“Driving fast, drinking cheap beer and smashing windows isn’t rebellion. The best form of rebellion is individualism. Thinking for yourself.”
Martin Roach, Dr Martens History
We live within a system that awards conformity and penalizes individualism. We get on Facebook and Twitter each day, ranting about how “they” are screwing us over or how “we” have to rebel; terms suggesting conformity to the majority. The truth is that most of those rants are veiled attempts at getting more people to conform to a particular notion presented by the mouthpiece. True rebels think and do what they want without caring what others think. They don’t care about being “proper” or “polite” or wearing the right jeans or driving to the right church on Sunday. Individuals aren’t worried what purse they’re holding at the cocktail party or what the label says on their beer bottle. Conformists worry about what other people think while individualists think.
Rebels must conform to a certain degree or they’d end up in jail, dead, or typing manifestos in the wilds of Montana. Fringe conformity ensures a degree of self-preservation. In a twisted paradox, one of the most enduring representations of individualism comes from the commercial realm. Doc Martens: a big “FU” to the masses.
“Dr. Martens have always been different. No other brand has been mutated, customised, fucked up and freaked out like DM’s. Without asking or being able to stop it. It happened to them. They were just fascinated bystanders on a journey that has raced through every crevice of subculture, every twist and turn of youthful creativity and now, here, with a generation who have always had email, mp3s and downloads, it is as relevant and vibrant as ever.”
I bought my first pair of Doc Martens in 1994. I lost them in a move in 2004. I wore those shoes almost every day for the better part of ten years. The value is outstanding. The extra cost up front is worth it and I’ve never owned another shoe that lasted as long as my Doc Martens. Other than the pair I lost, I still have (and can wear) every pair I’ve ever purchased. But Doc Martens are more than a pair of good boots. They are 50 years of defiance, a spirit devoid of blatant celebrity endorsements and million dollar Super Bowl ads.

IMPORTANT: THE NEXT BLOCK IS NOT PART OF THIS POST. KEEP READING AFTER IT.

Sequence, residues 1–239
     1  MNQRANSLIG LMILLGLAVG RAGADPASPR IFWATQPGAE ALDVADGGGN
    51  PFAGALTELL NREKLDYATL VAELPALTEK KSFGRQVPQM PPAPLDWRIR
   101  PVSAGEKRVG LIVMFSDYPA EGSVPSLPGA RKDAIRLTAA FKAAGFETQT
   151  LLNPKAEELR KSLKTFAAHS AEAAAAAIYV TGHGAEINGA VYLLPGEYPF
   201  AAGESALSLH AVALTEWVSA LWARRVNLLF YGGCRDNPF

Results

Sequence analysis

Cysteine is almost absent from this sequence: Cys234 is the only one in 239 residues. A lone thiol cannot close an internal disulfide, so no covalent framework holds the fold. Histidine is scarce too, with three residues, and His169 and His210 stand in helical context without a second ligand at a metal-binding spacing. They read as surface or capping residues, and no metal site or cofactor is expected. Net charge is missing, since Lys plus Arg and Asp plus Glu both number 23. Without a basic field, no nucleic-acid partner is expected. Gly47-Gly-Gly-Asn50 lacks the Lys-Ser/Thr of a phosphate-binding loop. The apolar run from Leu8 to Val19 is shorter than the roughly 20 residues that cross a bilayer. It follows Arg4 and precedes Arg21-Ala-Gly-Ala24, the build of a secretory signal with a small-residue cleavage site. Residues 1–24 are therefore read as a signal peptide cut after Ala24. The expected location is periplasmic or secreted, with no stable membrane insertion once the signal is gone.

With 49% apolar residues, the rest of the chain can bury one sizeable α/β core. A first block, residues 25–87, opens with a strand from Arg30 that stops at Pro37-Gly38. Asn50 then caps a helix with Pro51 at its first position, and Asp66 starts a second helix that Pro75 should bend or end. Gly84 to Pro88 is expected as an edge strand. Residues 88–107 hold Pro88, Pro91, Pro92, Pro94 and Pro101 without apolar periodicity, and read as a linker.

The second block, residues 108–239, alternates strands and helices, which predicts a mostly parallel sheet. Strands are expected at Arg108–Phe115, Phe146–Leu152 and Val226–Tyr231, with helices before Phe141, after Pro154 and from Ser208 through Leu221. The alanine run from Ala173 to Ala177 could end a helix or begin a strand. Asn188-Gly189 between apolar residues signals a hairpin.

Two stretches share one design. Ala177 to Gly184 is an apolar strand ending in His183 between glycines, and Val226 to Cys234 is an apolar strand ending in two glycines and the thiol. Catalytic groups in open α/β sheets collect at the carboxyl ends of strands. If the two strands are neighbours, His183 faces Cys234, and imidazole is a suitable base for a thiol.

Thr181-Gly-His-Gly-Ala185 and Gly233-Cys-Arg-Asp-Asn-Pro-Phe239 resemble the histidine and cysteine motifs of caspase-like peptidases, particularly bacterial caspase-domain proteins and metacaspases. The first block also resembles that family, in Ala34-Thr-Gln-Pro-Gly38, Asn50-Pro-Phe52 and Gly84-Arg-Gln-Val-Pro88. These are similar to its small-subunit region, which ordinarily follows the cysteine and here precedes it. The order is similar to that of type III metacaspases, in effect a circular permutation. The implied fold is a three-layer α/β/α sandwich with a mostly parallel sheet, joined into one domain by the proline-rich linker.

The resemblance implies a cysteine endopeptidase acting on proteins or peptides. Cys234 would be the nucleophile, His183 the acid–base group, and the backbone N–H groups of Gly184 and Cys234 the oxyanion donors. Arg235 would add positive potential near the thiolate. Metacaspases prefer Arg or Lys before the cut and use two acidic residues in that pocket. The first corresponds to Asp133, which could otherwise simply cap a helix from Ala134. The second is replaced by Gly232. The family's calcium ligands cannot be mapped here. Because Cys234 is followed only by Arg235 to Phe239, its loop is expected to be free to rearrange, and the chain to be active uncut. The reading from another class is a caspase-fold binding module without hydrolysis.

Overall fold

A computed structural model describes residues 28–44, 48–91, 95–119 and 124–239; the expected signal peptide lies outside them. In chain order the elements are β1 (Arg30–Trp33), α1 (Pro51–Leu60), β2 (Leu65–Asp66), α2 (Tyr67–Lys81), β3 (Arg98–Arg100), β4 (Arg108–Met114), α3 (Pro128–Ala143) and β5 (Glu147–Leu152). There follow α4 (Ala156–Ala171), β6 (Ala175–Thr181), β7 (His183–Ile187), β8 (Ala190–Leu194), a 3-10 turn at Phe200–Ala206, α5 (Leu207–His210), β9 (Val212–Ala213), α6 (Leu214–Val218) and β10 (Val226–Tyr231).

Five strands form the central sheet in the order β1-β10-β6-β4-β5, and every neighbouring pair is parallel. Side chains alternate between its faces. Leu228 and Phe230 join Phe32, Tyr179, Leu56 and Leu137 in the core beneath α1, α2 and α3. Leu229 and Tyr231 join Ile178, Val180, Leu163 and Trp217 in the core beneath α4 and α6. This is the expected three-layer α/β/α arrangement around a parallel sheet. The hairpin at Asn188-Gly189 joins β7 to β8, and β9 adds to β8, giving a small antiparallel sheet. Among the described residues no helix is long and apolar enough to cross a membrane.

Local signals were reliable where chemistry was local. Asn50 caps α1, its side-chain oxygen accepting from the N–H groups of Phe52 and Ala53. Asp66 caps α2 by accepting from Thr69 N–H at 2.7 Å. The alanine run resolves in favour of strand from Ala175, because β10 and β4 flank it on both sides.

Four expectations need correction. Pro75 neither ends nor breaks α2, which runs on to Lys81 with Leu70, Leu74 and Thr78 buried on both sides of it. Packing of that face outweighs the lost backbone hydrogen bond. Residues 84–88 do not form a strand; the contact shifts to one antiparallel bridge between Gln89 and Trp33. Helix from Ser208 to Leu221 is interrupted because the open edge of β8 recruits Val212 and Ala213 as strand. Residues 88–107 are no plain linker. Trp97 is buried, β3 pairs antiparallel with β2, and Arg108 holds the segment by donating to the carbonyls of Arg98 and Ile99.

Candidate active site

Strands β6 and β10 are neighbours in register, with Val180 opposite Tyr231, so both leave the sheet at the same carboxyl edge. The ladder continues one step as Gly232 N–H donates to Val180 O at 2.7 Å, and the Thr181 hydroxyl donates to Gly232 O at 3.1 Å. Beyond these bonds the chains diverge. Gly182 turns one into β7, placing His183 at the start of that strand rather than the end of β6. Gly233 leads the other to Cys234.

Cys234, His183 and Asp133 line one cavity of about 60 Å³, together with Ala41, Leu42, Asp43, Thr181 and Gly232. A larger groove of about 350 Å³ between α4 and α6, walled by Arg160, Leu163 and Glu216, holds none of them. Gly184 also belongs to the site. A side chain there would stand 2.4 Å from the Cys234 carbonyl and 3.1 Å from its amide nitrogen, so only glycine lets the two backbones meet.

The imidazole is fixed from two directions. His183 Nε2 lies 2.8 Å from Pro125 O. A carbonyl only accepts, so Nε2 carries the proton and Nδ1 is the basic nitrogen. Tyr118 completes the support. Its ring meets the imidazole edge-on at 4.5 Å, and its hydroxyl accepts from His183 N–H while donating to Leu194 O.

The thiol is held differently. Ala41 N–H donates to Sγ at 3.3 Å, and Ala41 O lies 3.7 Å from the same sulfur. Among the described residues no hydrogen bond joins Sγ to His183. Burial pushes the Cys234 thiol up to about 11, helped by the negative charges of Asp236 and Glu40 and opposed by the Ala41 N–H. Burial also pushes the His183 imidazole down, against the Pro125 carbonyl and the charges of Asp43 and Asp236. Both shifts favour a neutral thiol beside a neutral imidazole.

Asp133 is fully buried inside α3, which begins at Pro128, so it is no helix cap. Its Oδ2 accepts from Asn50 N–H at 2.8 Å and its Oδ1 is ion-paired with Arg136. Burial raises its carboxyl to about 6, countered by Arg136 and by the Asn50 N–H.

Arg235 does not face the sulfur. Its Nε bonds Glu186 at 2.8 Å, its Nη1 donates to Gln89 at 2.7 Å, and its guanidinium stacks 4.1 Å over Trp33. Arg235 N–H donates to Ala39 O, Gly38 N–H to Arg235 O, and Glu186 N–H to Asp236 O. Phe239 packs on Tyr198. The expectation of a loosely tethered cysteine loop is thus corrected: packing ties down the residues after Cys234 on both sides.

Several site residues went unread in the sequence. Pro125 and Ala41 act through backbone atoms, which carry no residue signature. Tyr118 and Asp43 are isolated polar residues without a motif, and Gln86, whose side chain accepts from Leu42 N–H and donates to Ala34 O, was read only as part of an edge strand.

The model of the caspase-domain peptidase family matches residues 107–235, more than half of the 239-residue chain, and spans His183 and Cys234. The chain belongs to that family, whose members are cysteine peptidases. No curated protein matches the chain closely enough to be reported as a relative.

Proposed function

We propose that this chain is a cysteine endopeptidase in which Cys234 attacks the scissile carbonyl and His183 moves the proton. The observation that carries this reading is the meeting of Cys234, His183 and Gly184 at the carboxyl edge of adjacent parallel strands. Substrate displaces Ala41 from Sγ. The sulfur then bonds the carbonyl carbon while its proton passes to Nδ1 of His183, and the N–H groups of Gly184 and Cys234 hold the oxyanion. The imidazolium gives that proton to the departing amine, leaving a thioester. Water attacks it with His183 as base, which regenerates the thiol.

“Decades have come and gone, brands have exploded and then imploded, but the 1460 is still there, unique, individual, original. Anti-fashion defined in eight holes.”
|Tools of the Trade|
“What’s seen as information overload to the older generation is just everyday surfing to the new generation. In one weekend edition of The New York Times, there is more information than a seventeenth century man was exposed to in his entire life. Dr. Martens haven’t been around since the 1600s, but in terms of ‚’brands’ that mean something, that last, that reinvent and evolve, they pre-date pretty much everything.”
So #STANDFORSOMETHING . Tell me your Doc Marten story…
*I am not compensated in any manner by Doc Martens nor do I have any affiliation with the company. Quotes from Dr Martens History by Martin Roach